A long way to “recovery”

From the Star Ledger:

N.J. home prices slowly recover from housing bubble

Slowly but steadily, New Jersey’s housing market is recovering.

The average home sale price in New Jersey in 2015 was $397,279, according to the state Division of Taxation. But most towns throughout New Jersey are still showing average sales below the pre-housing bubble peaks.

“We’re not out of the woods yet,” said Tg Glazer, president of the New Jersey Realtors Association. “There’s still work to be done, but everything is looking very positive and I believe that things will continue to move forward throughout the year.”

Figures from the New Jersey Realtors Association for 2015 show home sales rose 12.3 percent to 93,635 and there were small upticks in the median and average sales prices, according to figures from the New Jersey Realtors Association — a hopeful sign as the spring selling season gets underway.

The 22.7 percent jump in pending sales in December over the year before pointed to 2016 getting off to a strong start. But even as job gains, low mortgage rates and consumer confidence help boost home sales, the number of homes for sale has fallen.

In December, for example, there were 10.6 percent fewer listings — 49,829 compared to 55,720 at the same time in 2014.

“Our economy and housing sector are both better than where they were in the recession, but both have a ways to go before anybody would want to cheer at the pace of activity,” said Patrick O’Keefe, director of economic research at CohnReznick, an accounting and consulting firm.

Even though home prices are showing signs of increasing, there is still a large number of homeowners who are underwater on their mortgages and are reluctant to sell at a loss, he said.

“If they bought from 2005 to 2007, they paid prices that were still well above where the market is today,” O’Keefe said. “As a consequence, if they list their homes for sale, they’re going to get offers well below what they paid and unless it’s a distressed situation where they have to move, it would be irrational to sell the house at the discounts.”

New Jersey housing prices continue to lag behind the national average, he said, citing the housing price index calculated by the Federal Housing Finance Agency.

Nationally, prices in the last quarter of 2015 were 0.3 percent higher than in 2007, while New Jersey’s prices were 13.8 percent less. But compared with New Jersey’s own peak in the second quarter of 2006, prices are down 21.3 percent.

“Those price factors are a major reason why the state’s housing recovery has lagged the rest of the country,” O’Keefe said. “Our prices ran up more sharply prior to the housing meltdown and have recovered far more slowly in the aftermath of the meltdown.”

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33 Responses to A long way to “recovery”

  1. Mike says:

    Good Morning New Jersey

  2. GOP's broken (the good one) says:

    while there are countless moronic, insipid, boring comedians like Seinfield,
    only a few true geniuses like Shandling.

    RIP Garry. We will miss you

  3. Comrade Nom Deplume, Recovering From The Slopes says:

    [2] twitless

    This has to be the seventh sign of the apocalypse. I agree with the twitiot on something.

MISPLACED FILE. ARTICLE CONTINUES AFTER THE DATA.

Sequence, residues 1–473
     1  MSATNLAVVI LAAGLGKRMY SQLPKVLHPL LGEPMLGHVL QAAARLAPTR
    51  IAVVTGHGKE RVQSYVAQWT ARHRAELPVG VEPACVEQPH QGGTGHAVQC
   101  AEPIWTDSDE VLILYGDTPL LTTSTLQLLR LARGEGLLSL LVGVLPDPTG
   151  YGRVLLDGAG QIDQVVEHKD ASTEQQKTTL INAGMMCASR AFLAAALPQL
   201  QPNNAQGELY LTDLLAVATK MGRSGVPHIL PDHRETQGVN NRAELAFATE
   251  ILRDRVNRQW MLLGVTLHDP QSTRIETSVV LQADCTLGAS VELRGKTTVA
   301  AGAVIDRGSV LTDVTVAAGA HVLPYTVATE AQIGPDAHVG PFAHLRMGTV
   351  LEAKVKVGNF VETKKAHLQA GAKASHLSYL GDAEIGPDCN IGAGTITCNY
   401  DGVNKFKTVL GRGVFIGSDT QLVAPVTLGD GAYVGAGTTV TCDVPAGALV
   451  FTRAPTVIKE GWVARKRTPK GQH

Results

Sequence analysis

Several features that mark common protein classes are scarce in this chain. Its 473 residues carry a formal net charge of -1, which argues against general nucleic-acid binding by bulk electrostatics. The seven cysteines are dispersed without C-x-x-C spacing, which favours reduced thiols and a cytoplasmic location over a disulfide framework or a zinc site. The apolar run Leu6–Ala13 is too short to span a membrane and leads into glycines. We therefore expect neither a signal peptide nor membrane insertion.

4. Fast Eddie says:

    I’m on the train reading today’s post and I have to restrain myself from laughing out loud. What a useless f.ucking industry that is the real estate business. Purely mindless.

  5. Not Fasty Eddie says:

    #4 Eddie, best explanation.

    The first few minutes


  6. Now Spanky, be reasonable says:

    #5 Continue watching to discover the origins of modern fiscal policy, at 26:56 or so…

  7. Fabius Maximus says:

    #32 (Previous thread)

    Getting $20 out of someone is no indication they won’t walk on the $2K consult fee. In this case, it is a perfect example of the problems of retail moving to IPADs.

    Get to the office in IMUS, try to check in on the kiosk. Told information incomplete need to pay the copay, up two floors to a “helpdesk” or whatever they called it. Queued, told to go down a floor to finance to pay the copay. Downstairs, queue, pay. Back upstairs to the “helpdesk” to show proof of payment . Receptionist flags the payment in the system. Downstairs back to the kiosk 40mins after arriving to finally check-in. Two minutes later, a stroppy nurse calls our name and tells me we are 20mins late for our appointment.

  8. The Great Pumpkin says:

    “The traditional case never said that free trade makes everybody better off, let alone that it makes everybody better off immediately. The consensus view always acknowledged that there would be winners and losers. (Why would the demand for trade barriers arise if competition from imports didn’t hurt somebody?) The argument has only ever been that free trade raises real incomes in the aggregate — that the gains exceed the losses. The new work leaves this claim intact.

    The force of Autor’s findings actually has little to do with trade policy as such. Its value lies, or ought to lie, in the emphasis it puts on helping workers, towns and regions adjust to economic dislocation. Trade is only one cause of such dislocation, and usually not the most powerful, China notwithstanding. Bear in mind, manufacturing employment has been declining in the U.S. for decades, since long before the Chinese export machine started up. The most disruptive force in any economy is technology.

    The new research matters because it shows that the U.S. labor market is a lot less flexible than its reputation has suggested. Workers are more likely to get trapped, with or without work, in depressed towns and regions. They find it hard to switch to good alternative occupations. It’s true that this inflexibility adds to the costs of free trade — but it adds to the costs of all kinds of economic disruption. Labor-saving automation and other forms of innovation are more costly if workers can’t move; so is domestic competition. Those forces involve dislocation too; they also create winners and losers.

    Rather than try to block trade, technological progress and competition, it seems more promising to make labor markets more adaptable by helping workers move from job to job and place to place — and to give more support to those who can’t make the transition even with the extra help.